By Michael E. Miller
By Ryan Yousefi
By Kyle Munzenrieder
By Sabrina Rodriguez
By Michael E. Miller
By Carlos Suarez De Jesus
By Luther Campbell
By Kyle Munzenrieder
"I wanted to help the city, but it was also a business opportunity," Munz says. "It's a good deal for us."
It's also a crappy deal for Florida Rock & Sand -- or Rinker, White Rock Industries, Miami Crushed Rock, or any other Miami-Dade County fill provider that might have wanted to bid on the work. Steve Torcise points out one ironic detail from his November meeting with Baldwin. "My recollection is very clear: Charles Baldwin specifically told me that any business arrangement between the city and a private contractor would have to go to competitive bidding." And yet, with a couple of strokes of the pen, the city had removed two of its plum public-works projects from the possibility of competitive bidding, and bestowed them upon Shiver's pal Pinky.
Incensed, Torcise filed suit in Miami-Dade County Circuit Court. Attorney John Shubin, representing Florida Rock & Sand in this litigation, put forth two major theories. First, that the city had improperly created a commercial quarry on residentially zoned land. Second, that the city had violated its own rules for competitive bidding.
"The city has made several bad business decisions over the past few years," Torcise asserts, "and they continue to invent extraordinary and unconventional measures to avoid paying for the fill they borrowed for the racetrack. Unfortunately, those measures have come at the expense, not only of Florida Rock & Sand, but the rest of the firms [who could have bid on the jobs], and at the expense of good government. We believe the actions of the city have been illegal."
Pinky Munz has another theory. "The biggest thing the public needs to know is that this is nothing more than a competitor trying to monopolize fill operations in South Dade," Munz says. "If [Torcise] can monopolize fill, he can control pricing. It's really more against me than against the city."
Though the contract with Redland passed the city council unanimously, Steve Bateman is having second thoughts. "I still think that using our own natural resources in this way was smart and savvy," Bateman says. "Where I draw the line is, did we need to do this as an emergency measure, handpicking someone who happened to write us a $1.4 million check?"
Bateman doesn't blame Munz for the current mess. "I blame us, the policy setters and enforcers," he says. "The common thread, once again, is not following our charter. No one is asking the simple questions here. If we had, we would have spent a lot less in attorneys' fees, fighting what Florida Rock & Sand feels is unethical."
Serota, Baldwin, and Shiver all point out that the city charter allows the council to waive competitive bidding when it is in the best interest of the city. The city council unanimously agreed with Baldwin and Shiver's assessment of the Redland deal -- getting Munz to pay the $1.4 million and giving him exclusive rights to dig the lake were in the city's best interest. The council waived competitive bidding on the project on May 3.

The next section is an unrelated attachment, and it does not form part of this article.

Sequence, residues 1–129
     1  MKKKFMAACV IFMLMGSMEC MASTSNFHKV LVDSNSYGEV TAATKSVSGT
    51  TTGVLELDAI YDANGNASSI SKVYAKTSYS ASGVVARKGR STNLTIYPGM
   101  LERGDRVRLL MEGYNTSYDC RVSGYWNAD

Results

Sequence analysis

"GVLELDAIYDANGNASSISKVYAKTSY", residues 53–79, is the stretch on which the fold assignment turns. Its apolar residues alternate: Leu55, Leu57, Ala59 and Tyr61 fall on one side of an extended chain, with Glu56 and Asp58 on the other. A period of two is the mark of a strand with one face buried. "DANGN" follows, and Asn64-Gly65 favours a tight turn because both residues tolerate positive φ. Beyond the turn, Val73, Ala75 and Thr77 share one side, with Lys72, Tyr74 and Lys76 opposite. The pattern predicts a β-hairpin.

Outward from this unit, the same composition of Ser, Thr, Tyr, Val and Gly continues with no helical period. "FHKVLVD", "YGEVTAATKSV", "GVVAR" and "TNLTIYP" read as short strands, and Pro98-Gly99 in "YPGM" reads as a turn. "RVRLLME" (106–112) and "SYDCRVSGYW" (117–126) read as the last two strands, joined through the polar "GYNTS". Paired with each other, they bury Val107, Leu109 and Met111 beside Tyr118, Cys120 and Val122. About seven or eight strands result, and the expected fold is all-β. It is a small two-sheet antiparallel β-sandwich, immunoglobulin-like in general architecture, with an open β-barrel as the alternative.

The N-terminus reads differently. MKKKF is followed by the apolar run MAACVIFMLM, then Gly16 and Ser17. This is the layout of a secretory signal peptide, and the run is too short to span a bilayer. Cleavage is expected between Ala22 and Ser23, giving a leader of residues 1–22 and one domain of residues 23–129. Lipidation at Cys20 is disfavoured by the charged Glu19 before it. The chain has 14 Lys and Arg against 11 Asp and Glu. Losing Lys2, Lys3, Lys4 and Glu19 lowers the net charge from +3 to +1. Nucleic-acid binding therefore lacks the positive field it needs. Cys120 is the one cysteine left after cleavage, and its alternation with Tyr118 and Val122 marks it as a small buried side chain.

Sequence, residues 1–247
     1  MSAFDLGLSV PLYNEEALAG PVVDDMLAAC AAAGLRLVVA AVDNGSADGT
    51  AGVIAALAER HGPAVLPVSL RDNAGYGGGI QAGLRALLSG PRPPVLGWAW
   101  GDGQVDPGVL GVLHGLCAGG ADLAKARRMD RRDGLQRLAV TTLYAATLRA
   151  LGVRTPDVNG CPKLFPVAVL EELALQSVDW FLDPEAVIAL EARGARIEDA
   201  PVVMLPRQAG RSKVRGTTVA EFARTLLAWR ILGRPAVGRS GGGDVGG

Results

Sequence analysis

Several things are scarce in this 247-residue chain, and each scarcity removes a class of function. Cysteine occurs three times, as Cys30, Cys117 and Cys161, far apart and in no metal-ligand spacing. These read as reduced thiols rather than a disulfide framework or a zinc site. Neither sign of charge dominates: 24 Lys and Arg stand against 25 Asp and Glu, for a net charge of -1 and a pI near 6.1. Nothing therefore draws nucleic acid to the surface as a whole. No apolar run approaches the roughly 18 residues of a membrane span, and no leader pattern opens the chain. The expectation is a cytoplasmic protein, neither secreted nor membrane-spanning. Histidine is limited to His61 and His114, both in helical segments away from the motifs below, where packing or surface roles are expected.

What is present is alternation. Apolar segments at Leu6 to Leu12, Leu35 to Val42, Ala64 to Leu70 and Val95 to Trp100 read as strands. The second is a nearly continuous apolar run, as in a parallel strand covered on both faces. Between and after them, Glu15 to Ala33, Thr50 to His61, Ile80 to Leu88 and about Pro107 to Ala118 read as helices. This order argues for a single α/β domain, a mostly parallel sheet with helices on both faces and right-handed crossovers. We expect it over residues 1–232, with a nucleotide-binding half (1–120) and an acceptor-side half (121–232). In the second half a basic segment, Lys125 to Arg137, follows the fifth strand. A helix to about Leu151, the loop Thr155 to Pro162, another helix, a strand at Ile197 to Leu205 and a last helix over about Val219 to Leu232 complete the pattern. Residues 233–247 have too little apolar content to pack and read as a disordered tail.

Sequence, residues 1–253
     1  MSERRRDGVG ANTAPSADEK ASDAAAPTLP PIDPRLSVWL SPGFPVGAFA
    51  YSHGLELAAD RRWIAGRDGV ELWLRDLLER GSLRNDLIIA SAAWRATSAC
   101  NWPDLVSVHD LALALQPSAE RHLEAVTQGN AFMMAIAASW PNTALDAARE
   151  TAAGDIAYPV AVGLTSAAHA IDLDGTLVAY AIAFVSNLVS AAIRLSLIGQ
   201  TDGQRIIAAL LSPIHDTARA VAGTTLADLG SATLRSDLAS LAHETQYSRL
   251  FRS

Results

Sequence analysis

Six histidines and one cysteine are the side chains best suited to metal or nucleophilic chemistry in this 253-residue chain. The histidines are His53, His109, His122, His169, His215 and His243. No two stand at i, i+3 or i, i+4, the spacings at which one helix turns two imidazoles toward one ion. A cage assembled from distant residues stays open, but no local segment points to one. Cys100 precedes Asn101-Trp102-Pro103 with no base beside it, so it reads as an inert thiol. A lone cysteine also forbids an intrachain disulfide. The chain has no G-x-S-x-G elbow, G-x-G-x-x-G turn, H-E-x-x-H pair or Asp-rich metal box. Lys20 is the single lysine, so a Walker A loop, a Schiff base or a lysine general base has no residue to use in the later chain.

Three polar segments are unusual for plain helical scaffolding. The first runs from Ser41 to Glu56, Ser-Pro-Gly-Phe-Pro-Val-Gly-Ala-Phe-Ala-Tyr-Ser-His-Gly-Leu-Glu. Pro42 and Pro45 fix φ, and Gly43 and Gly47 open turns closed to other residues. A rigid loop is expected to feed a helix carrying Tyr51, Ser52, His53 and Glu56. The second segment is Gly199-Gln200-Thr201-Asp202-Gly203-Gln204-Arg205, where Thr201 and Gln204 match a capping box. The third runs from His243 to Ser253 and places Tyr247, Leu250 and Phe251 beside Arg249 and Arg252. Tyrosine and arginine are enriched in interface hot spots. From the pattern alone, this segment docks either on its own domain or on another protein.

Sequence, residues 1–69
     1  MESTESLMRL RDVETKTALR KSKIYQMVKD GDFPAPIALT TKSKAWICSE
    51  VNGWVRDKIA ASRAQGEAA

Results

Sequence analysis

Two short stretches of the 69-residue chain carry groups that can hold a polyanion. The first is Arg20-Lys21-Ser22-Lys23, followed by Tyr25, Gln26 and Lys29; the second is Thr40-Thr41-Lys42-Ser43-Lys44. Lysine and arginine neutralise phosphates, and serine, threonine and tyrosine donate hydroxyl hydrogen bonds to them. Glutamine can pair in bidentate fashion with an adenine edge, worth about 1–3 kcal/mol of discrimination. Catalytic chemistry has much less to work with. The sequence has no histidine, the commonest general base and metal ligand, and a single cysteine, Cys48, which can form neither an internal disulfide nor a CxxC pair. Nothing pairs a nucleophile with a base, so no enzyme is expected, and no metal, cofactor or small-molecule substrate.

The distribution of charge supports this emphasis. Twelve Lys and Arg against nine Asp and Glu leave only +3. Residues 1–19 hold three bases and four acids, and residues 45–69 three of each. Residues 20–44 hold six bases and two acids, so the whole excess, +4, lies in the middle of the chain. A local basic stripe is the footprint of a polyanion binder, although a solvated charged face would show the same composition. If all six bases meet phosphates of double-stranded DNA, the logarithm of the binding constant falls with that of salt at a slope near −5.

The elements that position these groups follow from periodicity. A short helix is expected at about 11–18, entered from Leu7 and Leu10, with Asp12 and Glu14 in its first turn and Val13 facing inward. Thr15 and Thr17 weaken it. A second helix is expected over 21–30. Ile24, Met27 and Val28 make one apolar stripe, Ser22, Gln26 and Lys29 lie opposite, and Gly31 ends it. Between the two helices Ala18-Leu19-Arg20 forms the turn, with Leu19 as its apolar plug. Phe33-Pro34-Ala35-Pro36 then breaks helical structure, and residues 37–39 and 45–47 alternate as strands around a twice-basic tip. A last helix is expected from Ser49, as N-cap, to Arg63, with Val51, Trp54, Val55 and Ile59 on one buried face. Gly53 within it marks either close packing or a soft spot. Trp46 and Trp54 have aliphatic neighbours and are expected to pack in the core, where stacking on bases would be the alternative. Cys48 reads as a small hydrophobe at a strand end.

The city council agreed Monday to pay Redland $4.5 million over three years to excavate 2.1 million cubic yards of the city's fill. Work is already under way; Munz says Redland has done some de-mucking, blasting, and excavation on the site. The result: a swath of square, turbid pools. Two huge dredging cranes, as well as assorted heavy dump trucks and pickup trucks, often are parked on the site. In a June letter to Baldwin, councilman Bateman complained about the work and the equipment on the site: "If there is no contract in place, who does the equipment belong to and why is it there?" he wrote. "If this equipment belongs to Redland construction, it does not look good for the Council or you, sir."
On June 25 a circuit court judge dismissed Florida Rock & Sand's seven-count complaint -- four counts were dismissed "with prejudice," meaning the plaintiff could not refile, three dismissed "without prejudice." Shubin says he's going to refile all seven anyway, based upon the "ripeness" of the charges.
But by now, the city has something else to worry about: a successful petition drive, conducted by Florida Rock, that will require a referendum on the issue of blasting, as well as competitive bidding on city-owned excavations. The public vote must take place by February 2000.
The campaign, filed by a newly formed political action committee called BLAST Homestead, was totally funded by Florida Rock & Sand. "We felt that a charter amendment was the most efficient way to put the power back in the people's hands," says Torcise.
Shiver believes that the grassroots claim is a stretch. "I think you can see a pattern here of what seems to be a disgruntled company wanting us to legislate market conditions," Shiver grouses.
He adds that the vagueness of the ballot language scares him. "It reads that any excavation on city-owned property has to go to public vote," he says. "As I understand it, that can mean turning over a mound of dirt for re-landscaping. That would effectively strangle this community."
"I don't consider [landscaping] to be excavation," Shubin replies dryly. "I assume their public works department doesn't need to use explosives to plant a tree."